Inside Icelandic Christmas: From yule lads to the Christmas cat, it's a magical time of year

The holiday cheer is in the air and people are grabbing their tinsel, mistletoe and fermented fish. While not everyone is grabbing the fermented skata to serve their guest, it’s a great delicacy in Iceland and part of their Christmas traditions.

‘In Iceland at Christmastime it’s a little different than New Iceland,’ Winnipegger Jenna Boholij says

People attend the lighting ceremony of the Christmas tree in front of the Domkirkjan, Reykjavík Catherdal, in the city center of Reykjavík, Iceland, 29 November 2015. The tree was an official gift from the city of Oslo, Norway. (Anton Brink Hansen/EPA )

Holiday cheer is in the air and people are grabbing their tinsel, mistletoe and fermented fish — at least in Iceland, where fermented skata and other delicacies are part of Christmas tradition. 

Winnipegger Jenna Boholij explored what Icelandic Christmas is like for Lögberg-Heimskringla, a newspaper about Icelandic people around the world.

"In Iceland at Christmas time it's a little different than New Iceland," Boholij said on CBC's Weekend Morning Show, referring to the area on the shores of Lake Winnipeg where Icelanders settled Manitoba. 

Sharing food with family and friends is a major part of the holidays but instead of the turkey dinner, in Iceland people sit down with the putrefied fish, ham and special Christmas ale. They've also been known to dabble in some smoked puffin or reindeer paté.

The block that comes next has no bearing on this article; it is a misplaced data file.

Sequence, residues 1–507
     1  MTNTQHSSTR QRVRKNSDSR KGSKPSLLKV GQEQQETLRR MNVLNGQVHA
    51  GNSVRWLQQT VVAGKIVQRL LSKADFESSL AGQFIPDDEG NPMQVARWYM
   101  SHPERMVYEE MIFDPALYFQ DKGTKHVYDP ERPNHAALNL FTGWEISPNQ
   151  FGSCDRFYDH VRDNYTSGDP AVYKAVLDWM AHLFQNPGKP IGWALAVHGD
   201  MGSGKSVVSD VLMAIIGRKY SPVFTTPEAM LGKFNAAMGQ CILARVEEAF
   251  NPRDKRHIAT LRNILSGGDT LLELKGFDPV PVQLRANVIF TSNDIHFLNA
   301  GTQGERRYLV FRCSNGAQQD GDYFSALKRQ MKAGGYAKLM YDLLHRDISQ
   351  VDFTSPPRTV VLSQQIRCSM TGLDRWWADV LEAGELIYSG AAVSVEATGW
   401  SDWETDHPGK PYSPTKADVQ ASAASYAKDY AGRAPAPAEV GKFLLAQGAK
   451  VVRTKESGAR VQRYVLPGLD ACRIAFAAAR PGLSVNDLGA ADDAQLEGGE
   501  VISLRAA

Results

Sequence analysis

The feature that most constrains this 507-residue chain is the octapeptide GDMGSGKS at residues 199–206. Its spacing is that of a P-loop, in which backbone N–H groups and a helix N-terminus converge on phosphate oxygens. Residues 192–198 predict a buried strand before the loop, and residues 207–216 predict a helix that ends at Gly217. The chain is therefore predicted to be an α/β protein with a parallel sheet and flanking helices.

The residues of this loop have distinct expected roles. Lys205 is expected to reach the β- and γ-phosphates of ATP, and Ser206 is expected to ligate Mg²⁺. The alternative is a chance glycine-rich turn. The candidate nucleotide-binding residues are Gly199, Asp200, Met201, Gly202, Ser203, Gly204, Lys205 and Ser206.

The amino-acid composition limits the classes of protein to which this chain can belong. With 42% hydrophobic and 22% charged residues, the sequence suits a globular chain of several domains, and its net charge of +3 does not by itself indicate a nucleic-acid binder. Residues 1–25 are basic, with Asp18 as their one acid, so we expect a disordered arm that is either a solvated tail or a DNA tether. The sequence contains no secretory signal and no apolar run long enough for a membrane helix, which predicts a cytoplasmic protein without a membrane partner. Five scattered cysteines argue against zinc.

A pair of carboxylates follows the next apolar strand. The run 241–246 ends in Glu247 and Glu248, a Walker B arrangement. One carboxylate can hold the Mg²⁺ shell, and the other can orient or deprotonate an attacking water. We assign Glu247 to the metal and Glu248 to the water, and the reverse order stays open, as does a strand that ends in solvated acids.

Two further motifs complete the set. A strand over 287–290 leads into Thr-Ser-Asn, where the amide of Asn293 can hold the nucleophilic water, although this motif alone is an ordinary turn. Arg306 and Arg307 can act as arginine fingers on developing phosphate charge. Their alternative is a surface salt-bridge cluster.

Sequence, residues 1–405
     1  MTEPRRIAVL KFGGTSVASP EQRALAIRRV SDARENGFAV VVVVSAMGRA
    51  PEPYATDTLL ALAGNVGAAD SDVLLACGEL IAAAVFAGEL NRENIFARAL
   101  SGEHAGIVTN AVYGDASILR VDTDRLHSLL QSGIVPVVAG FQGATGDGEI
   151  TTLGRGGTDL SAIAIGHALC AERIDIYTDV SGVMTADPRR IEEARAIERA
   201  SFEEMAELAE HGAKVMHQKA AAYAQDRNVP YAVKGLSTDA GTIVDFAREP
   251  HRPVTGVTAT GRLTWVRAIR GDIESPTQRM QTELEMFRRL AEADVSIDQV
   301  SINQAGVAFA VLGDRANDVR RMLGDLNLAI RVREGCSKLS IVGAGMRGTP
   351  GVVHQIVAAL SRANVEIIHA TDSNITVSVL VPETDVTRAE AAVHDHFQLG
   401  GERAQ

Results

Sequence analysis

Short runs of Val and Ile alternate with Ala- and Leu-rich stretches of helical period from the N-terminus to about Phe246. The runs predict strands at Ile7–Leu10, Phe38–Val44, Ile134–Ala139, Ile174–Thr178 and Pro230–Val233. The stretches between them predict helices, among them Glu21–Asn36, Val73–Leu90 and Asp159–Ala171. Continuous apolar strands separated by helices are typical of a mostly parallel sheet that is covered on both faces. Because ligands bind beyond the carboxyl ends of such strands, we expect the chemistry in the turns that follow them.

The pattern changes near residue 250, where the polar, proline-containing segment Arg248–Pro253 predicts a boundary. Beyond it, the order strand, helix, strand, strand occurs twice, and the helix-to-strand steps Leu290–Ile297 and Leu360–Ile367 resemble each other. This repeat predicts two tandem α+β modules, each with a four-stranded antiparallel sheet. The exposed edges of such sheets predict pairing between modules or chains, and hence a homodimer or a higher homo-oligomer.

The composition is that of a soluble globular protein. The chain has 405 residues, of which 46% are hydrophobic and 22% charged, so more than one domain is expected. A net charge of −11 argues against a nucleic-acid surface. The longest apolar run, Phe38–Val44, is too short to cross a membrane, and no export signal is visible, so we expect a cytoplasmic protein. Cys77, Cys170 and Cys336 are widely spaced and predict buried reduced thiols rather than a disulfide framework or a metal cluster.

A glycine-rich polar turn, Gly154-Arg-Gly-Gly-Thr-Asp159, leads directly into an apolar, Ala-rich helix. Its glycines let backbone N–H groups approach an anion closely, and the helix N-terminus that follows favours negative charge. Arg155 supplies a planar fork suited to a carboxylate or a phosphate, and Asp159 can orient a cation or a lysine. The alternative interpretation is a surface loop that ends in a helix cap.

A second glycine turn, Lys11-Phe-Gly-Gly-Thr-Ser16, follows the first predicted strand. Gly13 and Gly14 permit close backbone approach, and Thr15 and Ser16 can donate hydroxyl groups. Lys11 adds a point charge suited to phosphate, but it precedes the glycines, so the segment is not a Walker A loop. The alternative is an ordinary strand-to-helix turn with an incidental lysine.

"The typical Icelandic thing to do is kind of eat any animal that's available on the island," Boholij said with a laugh.

In Manitoba, the Icelandic population tends to eat a layered prune cake called vinarterta but Boholij said it's actually not as popular in the homeland.

For holiday traditions people hang similar decorations around their homes, but in Iceland there is a special candle-type decoration which is put in the window and on the mantle of the fireplace.

"Definitely an important thing that Icelanders like to get is a book. It's traditional that on Christmas Eve everyone gets a new book to go to bed with," Boholij said.

In a turn that's a bit more terrifying for the average Canadian, Iceland has yule lads instead of Santa Claus. In the 13 days leading up to Christmas, the yule lads, which are mischievous elves, visit children.

"The kids put their shoes in the windowsill and if you are a good kid they will leave a gift for you in the shoes and if you are a bad kid they will leave rotten tomatoes," Boholij said.

It sounds innocent enough until the elf Meat Hook comes to visit. That elf comes to grab meat left out with a "a long, sharp hook" Boholij explained. Other elves include the Door Sniffer, who has a huge nose and steals baking, the Window Peeper and the Spoon Licker, who does what his name says.

"There [are] some pretty amazing names," Boholij said with a laugh.

The yule lads aren't the only visitors during the Icelandic holiday season. Grýla, a giant and the yule lads' mother, comes to town from the mountains to terrify children. A holiday feline friend also stops by.

"There is the Christmas cat. It goes back to the old farming days and it kind of evolved," Boholij said.

"Basically if you don't get new clothes to wear on Christmas then you run the risk of being eaten by the Christmas cat."

While it might sound strange outside of Iceland, Boholij said it's the most magical time of the year. To follow the yule lads' visits, follow the Icelandic Festival Manitoba as it tweets about each elf starting on Monday.

With files from CBC's Weekend Morning Show